They even have their own internal security force, although, they didn’t want to be called security. They settled on the term "De-escalation." They call out people violating the group rules of no drugs and alcohol and respecting each other’s property.

Who are the voices behind the protests, movement to #OccupyWallStreet?

While the people who make up Occupy Wall Street figure out how they want to focus their message, no one can say how long it will take and where this is all heading. As more people join the protest they get to have their opinions heard, too, drawing out the process.

You can also listen to the CNN Radio Reports podcast on itunes or subscribe to the podcast here.

soundoff (946 Responses)
  1. nicole

    Its sad that I have to go to other countries news sites to get updated info on the protests. All of your stories are biased BS. I will no longer be watching CNN or browsing this site, it is pathetic.

    October 5, 2011 at 10:21 pm | Report abuse |
    • USCitizen

      Stop the corporate lobbying....Do you really think that reporting on it stops it! We stop it, not CNN, Not Congress – WE.

      October 5, 2011 at 10:30 pm | Report abuse |
  2. Peikovain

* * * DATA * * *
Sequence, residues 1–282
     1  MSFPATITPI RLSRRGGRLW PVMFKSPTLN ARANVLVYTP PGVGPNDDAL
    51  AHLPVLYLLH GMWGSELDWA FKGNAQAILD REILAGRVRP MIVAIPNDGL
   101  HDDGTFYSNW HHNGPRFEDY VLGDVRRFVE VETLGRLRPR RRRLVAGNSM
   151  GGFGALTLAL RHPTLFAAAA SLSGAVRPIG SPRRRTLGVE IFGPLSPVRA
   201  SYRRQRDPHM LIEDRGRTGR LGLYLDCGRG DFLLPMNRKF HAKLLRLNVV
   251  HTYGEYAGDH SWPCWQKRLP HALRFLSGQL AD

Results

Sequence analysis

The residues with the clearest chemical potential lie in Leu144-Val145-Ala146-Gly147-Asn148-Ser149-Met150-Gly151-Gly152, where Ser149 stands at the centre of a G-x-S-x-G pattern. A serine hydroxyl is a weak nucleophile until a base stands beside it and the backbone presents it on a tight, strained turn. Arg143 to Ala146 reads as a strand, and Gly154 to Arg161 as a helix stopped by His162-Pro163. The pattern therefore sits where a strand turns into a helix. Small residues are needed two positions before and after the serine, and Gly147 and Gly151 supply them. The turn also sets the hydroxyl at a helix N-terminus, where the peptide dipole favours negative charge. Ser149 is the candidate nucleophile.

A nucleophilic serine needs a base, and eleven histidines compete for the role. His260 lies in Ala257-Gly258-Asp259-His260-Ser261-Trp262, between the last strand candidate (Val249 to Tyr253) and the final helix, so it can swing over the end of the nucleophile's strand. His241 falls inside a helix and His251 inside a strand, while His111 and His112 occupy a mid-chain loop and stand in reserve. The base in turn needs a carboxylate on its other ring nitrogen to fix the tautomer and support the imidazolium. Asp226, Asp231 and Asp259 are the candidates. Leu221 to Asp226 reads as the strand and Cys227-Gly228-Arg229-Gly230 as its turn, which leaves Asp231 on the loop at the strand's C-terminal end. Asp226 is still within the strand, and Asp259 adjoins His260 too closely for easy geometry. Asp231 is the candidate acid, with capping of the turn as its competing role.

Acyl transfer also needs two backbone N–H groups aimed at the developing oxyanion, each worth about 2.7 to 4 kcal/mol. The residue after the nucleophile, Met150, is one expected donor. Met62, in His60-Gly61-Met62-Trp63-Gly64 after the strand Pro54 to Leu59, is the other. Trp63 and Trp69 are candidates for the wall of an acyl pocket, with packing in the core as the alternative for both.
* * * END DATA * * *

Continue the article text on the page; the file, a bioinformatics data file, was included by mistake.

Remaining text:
This can end with a group marriage, followed by the group suing each other for alimony and dissolving.

    October 5, 2011 at 10:31 pm | Report abuse |
  3. JustaWorkingAmerican

    We the people need to take back our country and our planet. This is not a bunch of kids throwing a fit. This is a global revolution that is going to sweep through every country and every land on Earth. It may take a generation to accomplish it, but it will happen. Even I, in my mid 40's and gainfully employed, paying taxes and pulling my weight and doing just fine, support this movement. I don't want to see my child subjected to the gross inequities of unregulated, unbridled, greed and capitalism where the wealthy have the ability to completely control the government of our country, or of any peoples across the world. That concentration of power and wealth spawn the wars that destroy people exactly like you, sir reader, when you stand in their way of further concentrating their power and wealth or simply disagreeing with them. Our elected representatives do NOT represent the people because they are under the influence of the almighty dollar, the strongest drug in the world. Lock congress up in a rehab center and take their millions from them. Half are millionaires and probably more attorneys just waiting for their turn to suckle off of the teat of the American tax payer. Disgusting.

    October 5, 2011 at 10:32 pm | Report abuse |
  4. Ziggy

    This is what the unions are using your taxpayer money for, that loser obama gave to them in the form of bailouts.